This book (or guide, whatever you want to call it) does not always take itself seriously (I mean, the library is called agui, what did you expect?). This is largely because I (the writer) personally find the Rust ecosystem's documentation dreadfully dull at the best of times. Now, for core libraries, I understand it; I even appreciate it! It's important that core functionality is explained well, and explained in great detail, leaving no room for misinterpretation (a comma mustn't end up being the debate of the century).

That said: I don't believe this library deserves to be treated in such a robotic manner. When building UIs, we no longer are just code monkeys, tasked with building things users will never directly interact with, hiding flaws in the deepest foundation only we can see. In here, we draw, we paint, we render. We, in effect, become artists ourselves; and a robotic artist is a starving artist.

I've put personality in this book (guide) to reflect that reality. Why can't programming be fun?


Agui is a reactive UI library, built in pure Rust, made for pure Rust. It's inspired by Flutter and other reactive UI libraries, and almost more importantly: it's renderer-agnostic. There are a few basic concepts to learn, but if you come from a background of Flutter, React, Vue, or other similar libraries, you'll feel right at home. However, I'll explain for those that have never heard of them.

User interfaces are inheritly complex and must be orchestrated properly to keep the visuals in line with the actual state of the program. Generally, this is a complex problem, and many issues can (and will) occur if you leave this "refreshing" up to the actual logic of your code. What a reactive UI library does is abstract your interface a bit to provide automatic updates to it whenever your state changes, ensuring your visuals and your state are always in sync.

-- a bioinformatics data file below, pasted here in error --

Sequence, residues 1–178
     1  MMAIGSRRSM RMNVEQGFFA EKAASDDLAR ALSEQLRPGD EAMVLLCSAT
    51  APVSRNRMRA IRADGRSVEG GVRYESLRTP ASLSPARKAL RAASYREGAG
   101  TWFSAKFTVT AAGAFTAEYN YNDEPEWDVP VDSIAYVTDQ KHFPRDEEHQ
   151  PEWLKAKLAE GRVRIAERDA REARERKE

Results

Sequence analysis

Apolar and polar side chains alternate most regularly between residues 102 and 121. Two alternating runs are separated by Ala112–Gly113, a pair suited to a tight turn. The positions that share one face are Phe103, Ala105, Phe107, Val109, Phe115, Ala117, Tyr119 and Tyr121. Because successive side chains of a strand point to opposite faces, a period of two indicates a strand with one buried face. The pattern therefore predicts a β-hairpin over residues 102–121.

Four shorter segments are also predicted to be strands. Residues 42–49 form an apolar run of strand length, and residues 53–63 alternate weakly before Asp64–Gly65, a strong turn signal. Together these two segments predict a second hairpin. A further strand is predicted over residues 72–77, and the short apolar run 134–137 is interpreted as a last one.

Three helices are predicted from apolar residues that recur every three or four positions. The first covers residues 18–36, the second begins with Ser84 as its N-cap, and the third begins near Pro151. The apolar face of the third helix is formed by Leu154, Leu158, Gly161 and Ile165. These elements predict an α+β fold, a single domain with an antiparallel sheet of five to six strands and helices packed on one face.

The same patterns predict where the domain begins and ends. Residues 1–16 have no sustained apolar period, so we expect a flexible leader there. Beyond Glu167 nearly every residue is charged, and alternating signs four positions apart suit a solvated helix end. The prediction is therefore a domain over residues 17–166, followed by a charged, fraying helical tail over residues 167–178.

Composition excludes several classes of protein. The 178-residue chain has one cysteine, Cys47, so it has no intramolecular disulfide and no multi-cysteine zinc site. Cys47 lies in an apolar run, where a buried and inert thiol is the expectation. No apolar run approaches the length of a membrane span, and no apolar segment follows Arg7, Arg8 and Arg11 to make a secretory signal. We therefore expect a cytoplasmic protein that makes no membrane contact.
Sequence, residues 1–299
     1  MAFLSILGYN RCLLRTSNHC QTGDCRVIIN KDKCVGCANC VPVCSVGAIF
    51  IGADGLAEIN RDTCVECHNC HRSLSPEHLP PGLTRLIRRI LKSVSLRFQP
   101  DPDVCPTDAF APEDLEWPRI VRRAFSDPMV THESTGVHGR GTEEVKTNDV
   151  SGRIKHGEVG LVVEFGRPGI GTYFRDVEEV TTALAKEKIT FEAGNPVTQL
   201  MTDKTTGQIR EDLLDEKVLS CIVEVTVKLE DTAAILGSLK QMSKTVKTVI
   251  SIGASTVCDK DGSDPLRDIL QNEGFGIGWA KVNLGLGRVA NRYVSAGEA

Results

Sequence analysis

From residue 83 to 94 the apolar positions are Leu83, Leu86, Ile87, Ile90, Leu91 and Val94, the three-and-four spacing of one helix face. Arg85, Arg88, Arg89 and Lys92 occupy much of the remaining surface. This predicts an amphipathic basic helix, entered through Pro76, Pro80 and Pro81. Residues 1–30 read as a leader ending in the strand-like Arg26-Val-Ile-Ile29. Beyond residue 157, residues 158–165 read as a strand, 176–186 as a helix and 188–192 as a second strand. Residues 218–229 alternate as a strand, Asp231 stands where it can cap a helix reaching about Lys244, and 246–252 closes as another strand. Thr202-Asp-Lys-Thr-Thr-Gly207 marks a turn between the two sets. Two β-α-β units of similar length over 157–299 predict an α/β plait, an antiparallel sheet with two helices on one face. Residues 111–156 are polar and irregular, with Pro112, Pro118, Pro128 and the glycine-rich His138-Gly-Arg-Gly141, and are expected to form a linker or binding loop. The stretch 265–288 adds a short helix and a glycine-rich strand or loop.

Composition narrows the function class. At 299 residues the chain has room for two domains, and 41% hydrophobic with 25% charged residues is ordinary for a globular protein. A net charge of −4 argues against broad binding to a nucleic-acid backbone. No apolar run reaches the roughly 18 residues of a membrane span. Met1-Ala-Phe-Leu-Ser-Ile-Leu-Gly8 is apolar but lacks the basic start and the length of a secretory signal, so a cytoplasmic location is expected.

However, with this ~magic~ comes additional considerations to your code. When state changes, all widgets listening to that state are updated in the UI tree. This means that you need to put some thought into limiting these rebuilds to as small of a piece of the tree as you can manage. While agui manages to reduce rebuilds where it can, it's not a magic bullet; we forgo tree-diffing for performance reasons, and to prevent problematic edge cases.

Hopefully that wasn't too much jargon for you. Just in case, here's a tl;dr: UIs are complex, use agui to make them less of a pain to handle.


  • Widget: A user interface is built on Widgets, which can be anything from pure data, to managers, to elements drawn on screen. agui makes little distinction between them.
  • Layout: agui leverages morphorm for its layout system, which itself is modeled after the subform layout system.
  • State: At its core, agui is a state manager. It takes in your application's variables, and manages their lifecycle end-to-end, listening for changes and updating your widgets as necessary.
  • Global: A global is state that exists as a singleton within your application. All widgets will read and write the same data.
  • Plugin: A plugin is essentially a singleton widget that does not exist in the tree. They are often used to manage one (or more) globals that other widgets may listen to.
  • Computed Values: A function that returns a value, only causing updates to the widget if the returned value changes.
  • Key: A key is a way to instruct agui to cache a widget between rebuilds.

Stability Warning

While the core of Agui is mostly stable, it is still very much in its infancy. The API may change, and optimizations still need to be done, especially when it comes to talking to the render integrations, and the integrations themselves. We are still finding our way, and that will take time. That said: it works. If you need a feature that doesn't exist, feel free to contribute or make a plugin!


Agui is free and open source. You can find the source code on GitHub, issues can be posted on the GitHub issue tracker, with feature requests and questions directed to Github discussions.